Primary ductal adenocarcinoma (PDA) is a rare epithelial tumor of the lacrimal gland. Herein we report 5 cases and review 29 published cases of PDA of the lacrimal gland. Among these 5 cases, the most common clinical presentation was painless swelling and/or proptosis of their eye. The size of the lesions ranged from 1.6 to 2.5 cm. Histopathologic examination revealed proliferations of ductal or gland-like cells with vesiculated pleomorphic nuclei and prominent nucleoli. Tumor cells stained positive for epithelial and apocrine differentiation markers. Immunohistochemistry for human epidermal growth factor 2 was positive in 2 of the 4 cases. Four of the five patients were alive at the last follow-up visit. One died with bone metastases, which were diagnosed 25 months after exenteration and then survived an additional 51 months. On reviewing of twenty-nine previously published cases of PDA, the mean age of diagnosis was 58 years, with a male predominance (75%). Fifteen patients (54%) had distant metastases, 1 (4%) had local recurrence, and 10 (37%) suffered from a PDA-related death. PDA is a high-grade aggressive epithelial tumor of the lacrimal gland. Although rare, awareness and recognition of this malignancy are important to help determine prognosis and treatment options.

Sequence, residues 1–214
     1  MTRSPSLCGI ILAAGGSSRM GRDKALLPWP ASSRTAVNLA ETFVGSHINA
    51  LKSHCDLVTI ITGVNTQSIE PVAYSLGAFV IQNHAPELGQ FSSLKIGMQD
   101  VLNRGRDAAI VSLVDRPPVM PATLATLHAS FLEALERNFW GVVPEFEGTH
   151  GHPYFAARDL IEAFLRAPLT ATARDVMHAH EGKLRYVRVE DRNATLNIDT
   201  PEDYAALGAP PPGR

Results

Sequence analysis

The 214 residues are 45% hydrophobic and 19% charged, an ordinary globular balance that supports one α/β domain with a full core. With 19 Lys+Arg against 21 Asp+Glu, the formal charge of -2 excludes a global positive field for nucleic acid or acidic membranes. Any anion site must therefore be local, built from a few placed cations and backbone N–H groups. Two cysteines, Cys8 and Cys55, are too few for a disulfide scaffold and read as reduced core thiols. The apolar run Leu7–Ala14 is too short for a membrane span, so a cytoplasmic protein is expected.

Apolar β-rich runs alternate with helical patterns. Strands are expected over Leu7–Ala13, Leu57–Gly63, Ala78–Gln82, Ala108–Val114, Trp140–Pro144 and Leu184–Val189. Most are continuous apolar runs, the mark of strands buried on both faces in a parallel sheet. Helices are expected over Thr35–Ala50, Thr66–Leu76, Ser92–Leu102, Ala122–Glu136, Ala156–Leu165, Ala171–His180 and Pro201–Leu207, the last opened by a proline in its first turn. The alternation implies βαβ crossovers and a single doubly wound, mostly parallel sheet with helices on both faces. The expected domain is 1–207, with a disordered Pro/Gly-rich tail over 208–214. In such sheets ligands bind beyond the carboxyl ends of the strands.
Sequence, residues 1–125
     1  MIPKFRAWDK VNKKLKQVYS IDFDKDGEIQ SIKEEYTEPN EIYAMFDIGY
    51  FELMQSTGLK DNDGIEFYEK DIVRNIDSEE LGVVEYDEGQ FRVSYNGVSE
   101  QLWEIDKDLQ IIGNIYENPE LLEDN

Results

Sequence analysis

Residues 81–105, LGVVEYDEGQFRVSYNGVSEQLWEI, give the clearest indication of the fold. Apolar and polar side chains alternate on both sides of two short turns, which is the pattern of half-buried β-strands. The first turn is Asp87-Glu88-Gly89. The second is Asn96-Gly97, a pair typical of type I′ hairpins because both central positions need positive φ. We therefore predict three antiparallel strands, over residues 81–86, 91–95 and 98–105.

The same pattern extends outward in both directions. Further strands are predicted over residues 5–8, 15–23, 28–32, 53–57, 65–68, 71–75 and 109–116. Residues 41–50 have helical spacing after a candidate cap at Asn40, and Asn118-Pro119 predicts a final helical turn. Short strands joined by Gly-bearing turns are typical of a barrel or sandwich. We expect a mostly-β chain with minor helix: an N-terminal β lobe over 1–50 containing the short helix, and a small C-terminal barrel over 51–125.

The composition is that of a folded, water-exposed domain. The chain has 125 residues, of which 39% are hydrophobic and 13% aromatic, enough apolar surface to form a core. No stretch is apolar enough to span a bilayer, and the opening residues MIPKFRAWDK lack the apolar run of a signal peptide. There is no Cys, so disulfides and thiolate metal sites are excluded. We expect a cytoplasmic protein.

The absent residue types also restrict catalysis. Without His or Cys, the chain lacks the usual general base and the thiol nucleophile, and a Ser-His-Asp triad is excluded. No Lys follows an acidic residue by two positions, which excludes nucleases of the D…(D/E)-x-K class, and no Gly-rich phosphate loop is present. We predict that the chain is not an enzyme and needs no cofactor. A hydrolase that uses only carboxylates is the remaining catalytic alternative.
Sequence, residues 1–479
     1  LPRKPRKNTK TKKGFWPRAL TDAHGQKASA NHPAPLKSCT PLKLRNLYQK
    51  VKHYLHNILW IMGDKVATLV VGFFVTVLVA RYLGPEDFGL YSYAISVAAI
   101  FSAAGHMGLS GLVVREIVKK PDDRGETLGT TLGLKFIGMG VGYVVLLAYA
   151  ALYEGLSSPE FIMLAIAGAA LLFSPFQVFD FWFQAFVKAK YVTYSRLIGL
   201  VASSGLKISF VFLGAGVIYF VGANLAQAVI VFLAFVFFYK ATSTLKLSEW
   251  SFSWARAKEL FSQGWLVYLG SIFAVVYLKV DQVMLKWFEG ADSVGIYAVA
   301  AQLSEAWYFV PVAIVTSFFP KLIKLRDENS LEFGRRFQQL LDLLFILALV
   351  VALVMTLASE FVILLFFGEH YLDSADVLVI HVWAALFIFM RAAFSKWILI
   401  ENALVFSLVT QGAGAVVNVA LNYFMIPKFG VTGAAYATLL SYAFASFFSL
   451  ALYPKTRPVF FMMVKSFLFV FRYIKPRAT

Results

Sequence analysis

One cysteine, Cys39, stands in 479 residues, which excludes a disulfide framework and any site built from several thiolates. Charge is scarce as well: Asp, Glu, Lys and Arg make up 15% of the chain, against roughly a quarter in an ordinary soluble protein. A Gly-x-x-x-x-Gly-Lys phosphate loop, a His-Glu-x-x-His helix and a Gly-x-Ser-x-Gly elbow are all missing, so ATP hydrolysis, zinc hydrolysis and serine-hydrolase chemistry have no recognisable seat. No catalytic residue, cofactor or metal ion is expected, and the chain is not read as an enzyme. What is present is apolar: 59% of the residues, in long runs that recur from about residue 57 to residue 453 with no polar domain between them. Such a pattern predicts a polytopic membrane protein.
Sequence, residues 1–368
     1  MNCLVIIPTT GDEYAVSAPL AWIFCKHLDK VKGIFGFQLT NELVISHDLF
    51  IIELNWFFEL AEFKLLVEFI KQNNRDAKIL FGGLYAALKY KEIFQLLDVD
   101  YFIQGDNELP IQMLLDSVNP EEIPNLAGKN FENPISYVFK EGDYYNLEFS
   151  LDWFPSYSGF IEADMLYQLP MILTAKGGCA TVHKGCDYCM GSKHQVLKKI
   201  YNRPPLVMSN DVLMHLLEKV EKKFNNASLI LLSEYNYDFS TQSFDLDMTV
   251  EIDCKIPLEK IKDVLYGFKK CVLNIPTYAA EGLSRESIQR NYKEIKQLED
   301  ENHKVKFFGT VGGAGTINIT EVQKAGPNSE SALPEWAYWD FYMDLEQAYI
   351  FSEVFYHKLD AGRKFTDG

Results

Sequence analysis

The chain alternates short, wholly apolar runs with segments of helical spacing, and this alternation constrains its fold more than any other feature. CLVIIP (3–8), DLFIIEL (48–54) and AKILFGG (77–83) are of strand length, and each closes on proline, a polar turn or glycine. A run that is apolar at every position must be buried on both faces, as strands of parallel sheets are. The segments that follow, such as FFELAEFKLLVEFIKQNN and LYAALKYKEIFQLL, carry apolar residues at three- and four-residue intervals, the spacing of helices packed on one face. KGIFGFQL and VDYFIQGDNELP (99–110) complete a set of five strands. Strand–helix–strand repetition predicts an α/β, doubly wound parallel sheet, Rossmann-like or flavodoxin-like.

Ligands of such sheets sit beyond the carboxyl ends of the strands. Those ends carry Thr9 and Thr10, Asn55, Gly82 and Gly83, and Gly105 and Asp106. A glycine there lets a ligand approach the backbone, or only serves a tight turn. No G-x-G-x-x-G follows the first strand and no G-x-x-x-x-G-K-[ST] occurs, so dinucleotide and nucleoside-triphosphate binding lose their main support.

Matthew A. DelMauro, Danielle C. Kalberer, I Rand Rodgers
Mohs micrographic surgery and reconstruction is considered by many as the gold standard for treatment of cutaneous malignancies arising in the periorbital region. It has a high rate of tumor clearance and a low rate of postsurgical complications. One of the most common complications is surgical site infection. Although surgical site infection occurs in less than 3% of patients, it may result in significant morbidity. Considerable research efforts have been devoted to identifying risk factors associated with the development of a postsurgical infection. We examine the impact of endogenous factors (which determine the efficacy of a patient’s immune system), exogenous factors (which influence a patient’s exposure to bacterial pathogens), and antimicrobial interventions on the incidence of surgical site infection and propose evidence-based recommendations.